Ecclesiastes 7:8-10 ASV - Better is the end of a thing than the beginning thereof; and the patient in spirit is better than the proud in spirit. Be not hasty in thy spirit to be angry; for anger resteth in the bosom of fools. Say not thou, What is the cause that the former days were better than these? for thou dost not inquire wisely concerning this.
We often look at what Solomon writes in an individual manner. What does this practically mean for the local church? There is much we can learn and incorporate into our work. When I mention our “work” within a congregation, that includes the work of elders, deacons, preachers, as well as individual members. Each one must do their part to make the local church what it is.
The Patient sees things to their end
Patience is needed to bring a project to its completion. Any work we enter into may not go the way we desire, yet that does not mean that we dismiss the value of doing that work. The same is true with our work in Christ. The Preacher writes, “Whatsoever thy hand findeth to do, do it with thy might; for there is no work, nor device, nor knowledge, nor wisdom, in Sheol, whither thou goest.” (Ecclesiastes 9:10 ASV).
Certainly, there are matters that are beyond our direct control. Sometimes our work in a congregation ends not because of our own fault, but because a situation simply becomes impossible to work with. However, we must honestly look into our hearts and decide whether we are making this choice out of convenience or conviction. If we reach the end of our life and look back at a series of times where we simply “gave up” instead of worked through a problem as best we could, there is ultimately no benefit. The proud man gives up and leaves because things are not as he would desire them to be; the patient man waits upon the Lord, and when the Lord tells him to leave (according to his proper study of the scriptures), he leaves because there is no other alternative left.
The Patient is not quickened to anger because of the situation
If one works in retail, it does not take long before one notices that some people simply have “short fuses”, and are pushed quickly to anger over seemingly small offenses or inconveniences. In the world, we notice this and accept it. But such should not be so among the church. Paul wrote, “Let all bitterness, and wrath, and anger, and clamor, and railing, be put away from you, with all malice:” (Ephesians 4:31 ASV).
Our attitude matters in situations that come up in the church. Attitude does not determine truth, yet it is obvious that hostility and tension do not help us in our Kingdom work. Quite the opposite, they will often destroy our relationships with others, and foster distrust and bitterness.
Yet someone says, “what I said was right!”. Let us assume that such is so. Is raising our voice against a brother in a disrespectful fashion that is dismissive of patience and tolerance truly going to help the cause of the Kingdom in the soul of that brother? There are indeed times when someone needs to be “snatched from the fire” (Jude 23), but let us also consider the need to be patient and careful with the truth (2 Cor. 6:4, 12:12; Col. 4:6). The word is a sword (Eph. 6:17; Heb. 4:12); we should not wield it without caution. The proud man lashes out with quick, fierce anger; the patient man gives deference and only reacts with intensity when it will be a true help to the listener.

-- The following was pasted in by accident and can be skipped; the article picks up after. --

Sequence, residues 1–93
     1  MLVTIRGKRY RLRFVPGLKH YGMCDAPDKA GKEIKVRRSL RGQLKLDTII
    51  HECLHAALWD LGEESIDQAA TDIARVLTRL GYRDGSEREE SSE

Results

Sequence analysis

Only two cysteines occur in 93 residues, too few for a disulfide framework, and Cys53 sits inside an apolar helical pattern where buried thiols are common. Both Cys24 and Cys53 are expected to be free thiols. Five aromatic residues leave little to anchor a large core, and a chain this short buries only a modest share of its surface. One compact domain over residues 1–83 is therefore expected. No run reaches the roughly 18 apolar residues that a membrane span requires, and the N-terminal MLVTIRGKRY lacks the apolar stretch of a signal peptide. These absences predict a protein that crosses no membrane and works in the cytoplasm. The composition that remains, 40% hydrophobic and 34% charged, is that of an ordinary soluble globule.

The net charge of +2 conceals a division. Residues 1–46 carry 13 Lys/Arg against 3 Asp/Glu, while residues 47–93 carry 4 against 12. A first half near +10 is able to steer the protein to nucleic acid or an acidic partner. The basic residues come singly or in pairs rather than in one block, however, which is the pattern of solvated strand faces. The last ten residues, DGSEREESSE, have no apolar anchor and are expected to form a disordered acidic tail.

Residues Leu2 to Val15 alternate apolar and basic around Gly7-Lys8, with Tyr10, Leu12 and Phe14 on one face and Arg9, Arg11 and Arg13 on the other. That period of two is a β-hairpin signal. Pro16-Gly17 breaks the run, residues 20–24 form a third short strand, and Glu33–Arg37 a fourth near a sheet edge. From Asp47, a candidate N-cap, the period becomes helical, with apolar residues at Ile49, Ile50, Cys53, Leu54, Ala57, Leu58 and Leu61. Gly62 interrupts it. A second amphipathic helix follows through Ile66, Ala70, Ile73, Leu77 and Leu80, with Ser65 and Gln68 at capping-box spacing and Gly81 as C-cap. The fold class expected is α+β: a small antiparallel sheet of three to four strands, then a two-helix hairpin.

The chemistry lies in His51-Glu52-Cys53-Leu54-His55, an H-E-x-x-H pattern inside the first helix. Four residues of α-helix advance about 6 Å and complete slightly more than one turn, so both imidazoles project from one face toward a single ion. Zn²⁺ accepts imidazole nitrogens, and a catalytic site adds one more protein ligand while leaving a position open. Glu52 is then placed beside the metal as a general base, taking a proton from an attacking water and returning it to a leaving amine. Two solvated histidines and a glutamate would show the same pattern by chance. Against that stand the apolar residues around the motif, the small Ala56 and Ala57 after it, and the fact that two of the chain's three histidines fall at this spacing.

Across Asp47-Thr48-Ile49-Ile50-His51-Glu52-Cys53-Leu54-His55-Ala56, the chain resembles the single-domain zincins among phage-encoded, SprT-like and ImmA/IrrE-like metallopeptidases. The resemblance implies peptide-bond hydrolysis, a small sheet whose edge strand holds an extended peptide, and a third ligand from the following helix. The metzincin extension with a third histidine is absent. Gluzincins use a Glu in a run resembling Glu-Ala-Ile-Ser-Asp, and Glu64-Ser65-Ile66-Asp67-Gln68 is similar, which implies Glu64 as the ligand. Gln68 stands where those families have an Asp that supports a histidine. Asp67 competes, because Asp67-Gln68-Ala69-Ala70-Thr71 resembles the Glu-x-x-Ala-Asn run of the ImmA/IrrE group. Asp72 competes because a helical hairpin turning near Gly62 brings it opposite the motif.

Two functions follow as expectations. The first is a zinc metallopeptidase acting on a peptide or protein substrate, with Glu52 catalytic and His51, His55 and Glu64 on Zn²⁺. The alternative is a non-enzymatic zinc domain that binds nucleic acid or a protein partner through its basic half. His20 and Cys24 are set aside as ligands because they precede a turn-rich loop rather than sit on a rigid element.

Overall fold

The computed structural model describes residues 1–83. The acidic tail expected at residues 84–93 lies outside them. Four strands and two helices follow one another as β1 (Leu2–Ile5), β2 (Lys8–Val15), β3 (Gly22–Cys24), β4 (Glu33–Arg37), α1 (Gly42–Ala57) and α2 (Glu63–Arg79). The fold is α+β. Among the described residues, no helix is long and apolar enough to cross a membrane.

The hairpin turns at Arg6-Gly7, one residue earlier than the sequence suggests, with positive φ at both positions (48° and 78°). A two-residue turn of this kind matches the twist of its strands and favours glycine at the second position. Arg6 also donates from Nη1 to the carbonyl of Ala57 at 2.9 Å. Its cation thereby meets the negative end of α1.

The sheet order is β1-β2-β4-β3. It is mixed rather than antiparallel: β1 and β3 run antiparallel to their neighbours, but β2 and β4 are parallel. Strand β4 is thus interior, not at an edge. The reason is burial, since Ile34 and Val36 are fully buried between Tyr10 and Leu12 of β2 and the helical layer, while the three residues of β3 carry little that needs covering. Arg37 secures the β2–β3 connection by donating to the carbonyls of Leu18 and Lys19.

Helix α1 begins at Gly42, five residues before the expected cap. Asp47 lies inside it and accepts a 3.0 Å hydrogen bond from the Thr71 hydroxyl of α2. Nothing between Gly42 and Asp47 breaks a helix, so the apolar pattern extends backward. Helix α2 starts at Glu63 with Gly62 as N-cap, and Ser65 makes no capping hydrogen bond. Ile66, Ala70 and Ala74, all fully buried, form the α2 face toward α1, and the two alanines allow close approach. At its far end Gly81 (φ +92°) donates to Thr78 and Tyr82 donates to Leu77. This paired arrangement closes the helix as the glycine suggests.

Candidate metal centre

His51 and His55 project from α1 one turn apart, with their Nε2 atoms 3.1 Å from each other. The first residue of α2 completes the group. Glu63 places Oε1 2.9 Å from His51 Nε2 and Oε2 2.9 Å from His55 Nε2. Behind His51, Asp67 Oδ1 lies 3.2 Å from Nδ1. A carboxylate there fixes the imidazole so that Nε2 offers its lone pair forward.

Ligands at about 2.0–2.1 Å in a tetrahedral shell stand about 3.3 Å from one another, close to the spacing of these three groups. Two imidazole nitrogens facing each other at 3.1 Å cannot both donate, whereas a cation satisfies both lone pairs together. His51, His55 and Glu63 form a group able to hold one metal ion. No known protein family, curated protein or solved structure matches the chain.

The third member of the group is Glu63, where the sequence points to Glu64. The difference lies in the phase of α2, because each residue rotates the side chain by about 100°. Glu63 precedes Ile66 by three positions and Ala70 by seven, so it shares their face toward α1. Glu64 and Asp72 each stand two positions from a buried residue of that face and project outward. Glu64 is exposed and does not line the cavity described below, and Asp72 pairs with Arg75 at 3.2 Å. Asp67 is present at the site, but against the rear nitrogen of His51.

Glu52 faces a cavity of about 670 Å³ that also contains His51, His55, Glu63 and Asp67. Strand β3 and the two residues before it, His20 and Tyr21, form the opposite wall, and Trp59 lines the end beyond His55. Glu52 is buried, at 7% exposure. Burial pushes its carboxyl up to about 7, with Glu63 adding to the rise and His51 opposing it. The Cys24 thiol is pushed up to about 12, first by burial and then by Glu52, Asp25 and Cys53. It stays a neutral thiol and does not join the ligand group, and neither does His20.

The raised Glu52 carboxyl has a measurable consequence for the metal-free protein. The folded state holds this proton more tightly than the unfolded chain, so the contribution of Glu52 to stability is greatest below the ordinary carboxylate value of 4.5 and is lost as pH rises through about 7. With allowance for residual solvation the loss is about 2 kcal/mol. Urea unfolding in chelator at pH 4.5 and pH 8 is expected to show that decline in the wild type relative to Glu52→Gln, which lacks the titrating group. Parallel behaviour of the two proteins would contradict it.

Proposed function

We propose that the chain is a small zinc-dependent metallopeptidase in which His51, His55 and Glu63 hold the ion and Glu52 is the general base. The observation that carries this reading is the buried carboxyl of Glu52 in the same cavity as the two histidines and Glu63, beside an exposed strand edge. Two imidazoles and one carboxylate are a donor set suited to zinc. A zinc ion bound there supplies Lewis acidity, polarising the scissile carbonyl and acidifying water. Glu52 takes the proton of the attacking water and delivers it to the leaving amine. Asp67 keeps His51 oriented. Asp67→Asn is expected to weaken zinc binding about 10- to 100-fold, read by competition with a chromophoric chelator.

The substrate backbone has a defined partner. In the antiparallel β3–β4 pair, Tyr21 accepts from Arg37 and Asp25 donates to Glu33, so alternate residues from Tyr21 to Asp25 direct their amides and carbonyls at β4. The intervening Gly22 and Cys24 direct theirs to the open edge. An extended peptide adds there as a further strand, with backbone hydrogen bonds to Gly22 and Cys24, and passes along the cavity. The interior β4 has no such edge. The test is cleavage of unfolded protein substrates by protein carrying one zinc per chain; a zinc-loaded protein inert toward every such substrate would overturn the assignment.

The Patient is not caught up by nostalgia
“Why aren’t churches full like they used to be?” “Why are younger generations giving in more and more to worldliness?” These questions push us to look at the past with “rose-colored glasses” and envision an ideal that may not even be fact. For example, many of the Victorian era did not tolerate their children defying their authority. Yet, it is often noted that they might have been too harsh and perhaps even abusive in their corrective measures. This does not mean that corporal punishment is wrong, but we might look back at such days and remark that children need to be handled in a similar fashion. “Spare the rod and spoil the child” has a biblical foundation (Prov. 22:15, 23:13,14), but many even today punish their children with such harshness that it provokes bitterness and resentment in the child.
While previous generations often have positive examples we can emulate, we need to have a generous amount of caution. Many Christians might even idolize the churches of the 1940s and 1950s. Certainly there is much good to emulate: Bible Authority, Church Discipline, and Reverence of God are all wonderful traits. Yet many in the churches of the 1940s and 1950s were also portraying spirits of intolerance, racism, and “party loyalty”. The solution to this is simple: appreciate what was good not because of who these people were - appreciate it because that good comes from God’s word!
Thus, the Preacher exhorts us to not hold to “better” days - it may be something I want for the church, but it may not be what is best for the church! Such is never wise, and betrays a spiritual immaturity. The proud man resists wisdom by dragging up the past as an ideal; the patient man trusts in the Word to do its work today, and while he may appreciate the good of previous times, he knows that the Scriptures can still work wonders today. -Steven McCrary